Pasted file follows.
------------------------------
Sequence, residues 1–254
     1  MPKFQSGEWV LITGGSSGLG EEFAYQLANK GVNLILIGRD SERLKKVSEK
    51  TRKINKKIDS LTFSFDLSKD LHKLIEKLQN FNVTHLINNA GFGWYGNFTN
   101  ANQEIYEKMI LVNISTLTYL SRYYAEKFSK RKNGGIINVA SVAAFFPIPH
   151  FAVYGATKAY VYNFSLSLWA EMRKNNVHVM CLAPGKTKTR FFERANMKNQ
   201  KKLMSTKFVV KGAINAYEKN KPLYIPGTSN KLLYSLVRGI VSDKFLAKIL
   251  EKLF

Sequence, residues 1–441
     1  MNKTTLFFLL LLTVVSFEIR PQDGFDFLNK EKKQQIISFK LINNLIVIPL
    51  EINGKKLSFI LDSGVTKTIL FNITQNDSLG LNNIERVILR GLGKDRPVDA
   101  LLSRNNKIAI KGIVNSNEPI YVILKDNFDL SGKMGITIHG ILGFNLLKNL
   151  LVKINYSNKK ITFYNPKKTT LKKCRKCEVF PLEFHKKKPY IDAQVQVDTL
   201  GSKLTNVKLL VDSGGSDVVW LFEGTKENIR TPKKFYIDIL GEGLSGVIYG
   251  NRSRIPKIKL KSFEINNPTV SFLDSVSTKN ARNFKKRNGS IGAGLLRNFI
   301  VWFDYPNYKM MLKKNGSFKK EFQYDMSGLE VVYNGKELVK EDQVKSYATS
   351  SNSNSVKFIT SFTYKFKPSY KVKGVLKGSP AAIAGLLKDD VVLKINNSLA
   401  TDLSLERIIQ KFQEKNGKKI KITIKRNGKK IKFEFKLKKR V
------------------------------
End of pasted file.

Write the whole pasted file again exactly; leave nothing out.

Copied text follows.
Sequence, residues 1–254
     1  MPKFQSGEWV LITGGSSGLG EEFAYQLANK GVNLILIGRD SERLKKVSEK
    51  TRKINKKIDS LTFSFDLSKD LHKLIEKLQN FNVTHLINNA GFGWYGNFTN
   101  ANQEIYEKMI LVNISTLTYL SRYYAEKFSK RKNGGIINVA SVAAFFPIPH
   151  FAVYGATKAY VYNFSLSLWA EMRKNNVHVM CLAPGKTKTR FFERANMKNQ
   201  KKLMSTKFVV KGAINAYEKN KPLYIPGTSN KLLYSLVRGI VSDKFLAKIL
   251  EKLF

Sequence, residues 1–441
     1  MNKTTLFFLL LLTVVSFEIR PQDGFDFLNK EKKQQIISFK LINNLIVIPL
    51  EINGKKLSFI LDSGVTKTIL FNITQNDSLG LNNIERVILR GLGKDRPVDA
   101  LLSRNNKIAI KGIVNSNEPI YVILKDNFDL SGKMGITIHG ILGFNLLKNL
   151  LVKINYSNKK ITFYNPKKTT LKKCRKCEVF PLEFHKKKPY IDAQVQVDTL
   201  GSKLTNVKLL VDSGGSDVVW LFEGTKENIR TPKKFYIDIL GEGLSGVIYG
   251  NRSRIPKIKL KSFEINNPTV SFLDSVSTKN ARNFKKRNGS IGAGLLRNFI
   301  VWFDYPNYKM MLKKNGSFKK EFQYDMSGLE VVYNGKELVK EDQVKSYATS
   351  SNSNSVKFIT SFTYKFKPSY KVKGVLKGSP AAIAGLLKDD VVLKINNSLA
   401  TDLSLERIIQ KFQEKNGKKI KITIKRNGKK IKFEFKLKKR V